January 02, 2008

Extension Pronunciation #1: The Basics

by Weijen

Pronunciation is crucial to other language skills: word memorizing, listening, grammar, writing, reading…its importance cannot be over-emphasized. There are only 26 letters and 40 something phonemes, so why don’t so many people just take some time to master those few sounds?

Thus comes the pronunciation course.

The course does not pretend to change your life, but that doesn’t sound too far-fetched if you would use English to mold your lips, tongues, teeth, throats to move swiftly in a new way – after all, it’s not about new knowledge, but about new “movements” you have to adjust your lips to. It does not take intelligence; it takes practice. The course might be tedious, but boy, be patient.


When you want to say something but you can’t, it is a situation of “implosion.” That means you might know grammar and words well, but might have ignored practicing the movements of your lips, teeth, tongue, and even throat in an English way. It might be difficult for some, but not that difficult.

The difference between written and spoken words

A written word has meaning(s) and connotation(s), but a spoken word carries much more than that, such as authority, personality, awkwardness, anger, tenderness, delightedness, confidence, cultivation, nationality, mood…you name it. Showing those emotions is a very trait of being human.

However, sounds are fleeting, and they make non-native speakers uncomfortable.

East vs West

We pronounce Chinese words one by one, but it seems westerners pronounce English words by stringing them together. In other words, the way they process words is like eating the whole beef kabob, rather than consuming the meat balls one by one.

How good should our English pronunciation be?

You don’t need to sound like an ABC (American born Chinese); maybe you should even love your indigenous accent, considering that many non-English speaking peoples will forever keep their native accents. In the global village, there are all kinds of accents. Therefore, I think, in the new world game, a certain compromise needs to be set – we need to learn English and those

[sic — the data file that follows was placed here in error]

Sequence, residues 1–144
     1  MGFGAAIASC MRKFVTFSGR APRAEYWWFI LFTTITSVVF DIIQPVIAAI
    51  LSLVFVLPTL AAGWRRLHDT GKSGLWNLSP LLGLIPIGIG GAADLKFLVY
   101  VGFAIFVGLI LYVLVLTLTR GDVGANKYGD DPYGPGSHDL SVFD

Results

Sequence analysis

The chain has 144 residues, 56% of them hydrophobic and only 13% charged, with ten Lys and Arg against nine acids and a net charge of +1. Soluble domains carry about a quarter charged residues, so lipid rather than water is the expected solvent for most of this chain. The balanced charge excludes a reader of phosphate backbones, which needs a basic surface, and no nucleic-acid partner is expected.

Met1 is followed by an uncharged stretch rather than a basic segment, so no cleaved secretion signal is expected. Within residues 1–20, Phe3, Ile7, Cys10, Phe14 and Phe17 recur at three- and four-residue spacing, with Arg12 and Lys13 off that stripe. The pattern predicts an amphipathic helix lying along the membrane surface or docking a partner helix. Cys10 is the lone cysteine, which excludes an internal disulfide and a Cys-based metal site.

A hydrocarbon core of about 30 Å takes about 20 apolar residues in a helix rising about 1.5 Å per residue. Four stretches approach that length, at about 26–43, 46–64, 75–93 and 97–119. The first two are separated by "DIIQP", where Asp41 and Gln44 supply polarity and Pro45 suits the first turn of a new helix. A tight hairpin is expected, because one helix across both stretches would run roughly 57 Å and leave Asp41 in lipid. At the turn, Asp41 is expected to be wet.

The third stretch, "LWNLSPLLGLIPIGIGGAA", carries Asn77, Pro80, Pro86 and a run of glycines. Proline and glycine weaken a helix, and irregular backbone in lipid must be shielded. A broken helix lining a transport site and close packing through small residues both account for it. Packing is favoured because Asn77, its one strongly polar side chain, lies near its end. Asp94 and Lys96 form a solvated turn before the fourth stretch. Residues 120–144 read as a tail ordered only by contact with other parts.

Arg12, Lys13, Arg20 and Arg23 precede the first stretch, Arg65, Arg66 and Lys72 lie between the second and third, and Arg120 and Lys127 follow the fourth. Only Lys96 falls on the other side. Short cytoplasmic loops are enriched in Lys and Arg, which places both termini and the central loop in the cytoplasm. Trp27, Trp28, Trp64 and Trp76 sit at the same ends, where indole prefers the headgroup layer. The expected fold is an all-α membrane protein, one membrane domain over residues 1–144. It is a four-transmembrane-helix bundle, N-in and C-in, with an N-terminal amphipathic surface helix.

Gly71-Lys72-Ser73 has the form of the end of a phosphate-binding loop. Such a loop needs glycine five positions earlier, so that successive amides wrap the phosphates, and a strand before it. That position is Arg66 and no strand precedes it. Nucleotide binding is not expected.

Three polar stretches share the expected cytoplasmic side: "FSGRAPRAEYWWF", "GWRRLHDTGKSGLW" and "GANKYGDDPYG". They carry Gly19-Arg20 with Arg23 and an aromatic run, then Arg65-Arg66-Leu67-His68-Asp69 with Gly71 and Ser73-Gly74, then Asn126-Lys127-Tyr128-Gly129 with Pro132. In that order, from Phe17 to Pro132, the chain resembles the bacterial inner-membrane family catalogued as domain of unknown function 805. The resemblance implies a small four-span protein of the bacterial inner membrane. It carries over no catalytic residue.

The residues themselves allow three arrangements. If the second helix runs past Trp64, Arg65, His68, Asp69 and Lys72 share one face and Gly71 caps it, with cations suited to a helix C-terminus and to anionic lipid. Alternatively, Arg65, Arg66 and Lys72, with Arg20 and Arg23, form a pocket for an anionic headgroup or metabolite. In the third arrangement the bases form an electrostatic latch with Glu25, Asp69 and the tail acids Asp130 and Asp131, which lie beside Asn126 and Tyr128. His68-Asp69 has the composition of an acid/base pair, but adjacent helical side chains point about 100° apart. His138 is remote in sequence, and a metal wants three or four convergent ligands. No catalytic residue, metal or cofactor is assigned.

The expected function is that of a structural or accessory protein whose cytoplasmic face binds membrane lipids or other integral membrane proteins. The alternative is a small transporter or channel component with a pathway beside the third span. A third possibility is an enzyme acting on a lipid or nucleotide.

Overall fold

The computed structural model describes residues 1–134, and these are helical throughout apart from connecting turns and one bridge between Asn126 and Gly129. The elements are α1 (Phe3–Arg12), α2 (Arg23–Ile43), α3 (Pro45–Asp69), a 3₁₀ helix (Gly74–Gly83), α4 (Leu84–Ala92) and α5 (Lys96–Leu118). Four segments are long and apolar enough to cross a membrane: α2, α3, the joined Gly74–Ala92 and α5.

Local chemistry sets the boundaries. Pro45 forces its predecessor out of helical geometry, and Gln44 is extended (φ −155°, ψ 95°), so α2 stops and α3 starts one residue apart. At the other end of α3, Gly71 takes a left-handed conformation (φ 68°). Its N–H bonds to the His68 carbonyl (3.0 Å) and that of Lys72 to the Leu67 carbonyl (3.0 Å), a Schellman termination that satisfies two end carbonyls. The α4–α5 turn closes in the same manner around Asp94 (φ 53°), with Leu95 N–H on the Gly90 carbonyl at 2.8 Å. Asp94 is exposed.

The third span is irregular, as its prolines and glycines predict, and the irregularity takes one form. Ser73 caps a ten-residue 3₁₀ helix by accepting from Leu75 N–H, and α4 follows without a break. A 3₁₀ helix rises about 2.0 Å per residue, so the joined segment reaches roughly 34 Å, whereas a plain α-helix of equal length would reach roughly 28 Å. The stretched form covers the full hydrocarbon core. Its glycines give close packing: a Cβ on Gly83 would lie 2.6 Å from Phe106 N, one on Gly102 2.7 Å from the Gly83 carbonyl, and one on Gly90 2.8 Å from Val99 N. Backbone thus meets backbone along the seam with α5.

foreigners need to get used to our accents. It’s not too much an ask.

The goal of a language is simply to help us carry information and emotions. It’s not too difficult and it’s wonderful if you can do just that. Do not get tied up by correct use of grammar, great pronunciation, intelligent use of words…give yourself a break.

Try not to stutter though.
English has never been a phonetic language
English is the formation out of more than 100 languages (mainly, Greek, Latin, French), and it
explains the unpredictability of its pronunciation when looking at the letters of a word.

Therefore, one can say that there are no regularities in English pronunciation. On the other hand, I also noticed that American kids could pronounce some difficult words the first time they read them. It suggests that there is an underlying structure within this complicated sound system, and the only way to acquire the underlying, or hidden, structure is through extensive use of the language.

Yet, it’s too slow to learn pronunciation through a dictionary, and it is way too ineffective to learn it from an electronic dictionary.
The best (fastest) way to improve pronunciation, in my view, is through imitation – from TV, movies, CD, whatever, where contexts of English use are provided.


  • Vowels / consonants
  • Syllables (each syllable contains one vowel)
    Ex: entrepreneur / comprehension / sophisticated
    A vowel (V): I, ooh.
    Open syllables (CV): me, so, play…
    Closed syllables (VC): am, ants, eel
    Onset and coda (CVC): cat, sat, jump, clump (not a t all / did you)
    Syllable boundaries: e-xtra or extr-a or ex-tra? stan-ding or stand-ing?
  • Connected speech:
    Assimilation: ten balloons, good night (g’night), bridge score, church street, won’t she…
    Elision: p’lice, t’mato, c’rrect, acts of parliament, next day, government, mashed potatoes.
    Strong and weak forms: determiners, pronouns, auxiliary verbs, prepositions, conjunctions…(and, that, his, from, of, to, some, there, have, were, do, must..)

How will we proceed?

Before each class, I will upload the word and sound files on the Extension Website: (on Tuesdays) and you will need to download those files to practice pronunciation. (you need to sign up to the website) Please practice the same thing every day for at least 10 minutes. (7 days a week)
We will read the KK phonetics and related words together, and you will read some poems for us. I will do my best to correct each person’s pronunciation and we shall learn from each other. I hope you have fun. Be free to make all mistakes imaginable. Love them, cherish them, and let them catapult you into excellency.

Last time I did not care much about attendance, but this time I care a hell lot of if because, first, so many people could not get in this course and you are in now, so be serious. Second, it is simply very important.